In drafting a new resolution on the struggle for gay and lesbian rights, we also wanted to correct a political problem in the 1979 resolution which we had in fact noted at an NC meeting in March 1979, but which has not yet been corrected in a public document on gay and lesbian rights. This problem was evident even in the title of the earlier resolution: “A Revolutionary Strategy for Gay Liberation.” This suggested that we have some specific strategy for winning gay and lesbian rights, which is separate from our strategy for ending any other form of oppression. Our strategy for winning lesbian and gay rights is the same as our strategy for winning women’s liberation or for ending racial discrimination or environmental destruction. It’s the Leninist strategy of building a mass revolutionary workers’ party to mobilise the collective power of the working class and its potential allies to overthrow the capitalist government and replace it with a working people’s government. This is our strategy – our overall plan – for winning gay and lesbian rights.

In the 1979 document there is a confusion between our strategy for ending the oppression of lesbians and gay men and the tactics we advocate for building a movement that fights for the democratic rights of gay men and lesbians. Both of these become subsumed under the phrase “our mass action strategy.”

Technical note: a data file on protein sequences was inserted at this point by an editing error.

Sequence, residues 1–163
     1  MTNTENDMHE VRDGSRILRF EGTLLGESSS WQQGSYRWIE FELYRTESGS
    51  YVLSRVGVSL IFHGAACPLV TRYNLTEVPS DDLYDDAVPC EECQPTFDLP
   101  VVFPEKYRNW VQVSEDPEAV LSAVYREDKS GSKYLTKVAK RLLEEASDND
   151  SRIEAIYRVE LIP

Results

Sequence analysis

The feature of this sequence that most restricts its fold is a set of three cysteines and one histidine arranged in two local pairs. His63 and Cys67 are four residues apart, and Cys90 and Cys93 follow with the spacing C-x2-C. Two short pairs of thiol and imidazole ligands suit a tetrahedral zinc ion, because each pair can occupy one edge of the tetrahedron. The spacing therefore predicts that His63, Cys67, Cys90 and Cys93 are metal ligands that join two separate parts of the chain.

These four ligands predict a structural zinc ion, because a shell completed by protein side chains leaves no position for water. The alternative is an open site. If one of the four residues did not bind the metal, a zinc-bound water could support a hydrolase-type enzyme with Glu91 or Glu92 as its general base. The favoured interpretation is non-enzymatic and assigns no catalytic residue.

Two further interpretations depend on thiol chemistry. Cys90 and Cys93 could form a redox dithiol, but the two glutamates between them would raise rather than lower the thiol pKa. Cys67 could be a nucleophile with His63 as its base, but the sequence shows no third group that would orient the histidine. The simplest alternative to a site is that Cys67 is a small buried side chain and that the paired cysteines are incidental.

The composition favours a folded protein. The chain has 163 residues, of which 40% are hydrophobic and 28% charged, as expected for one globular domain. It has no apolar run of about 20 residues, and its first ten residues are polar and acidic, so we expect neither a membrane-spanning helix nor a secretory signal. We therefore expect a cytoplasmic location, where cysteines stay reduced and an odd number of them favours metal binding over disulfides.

Mass actions – street marches, rallies, strikes, etc. – are tactics we use in building movements, the aim of which is to mobilise our class in anti-capitalist political action. Our strategy for ending the oppression of lesbians and gay men is to build a revolutionary party to mobilise the working class in mass actions to fight for political power. Building a movement fighting for the democratic rights of lesbians and gay men that relies on mass actions rather than lobbying capitalist politicians, is a tactic to facilitate the implementation of this strategy, to draw working people into independent political action.

Because we have applied the same general tactical line in each of the new social movements that arose out of the youth radicalisation of the 1960s – movements that arose outside the framework of the organised workers’ movement – we slipped into regarding it as our strategy. In the Perspectives Report adopted by the May 1979 meeting of the National Committee, Jim Percy pointed out that: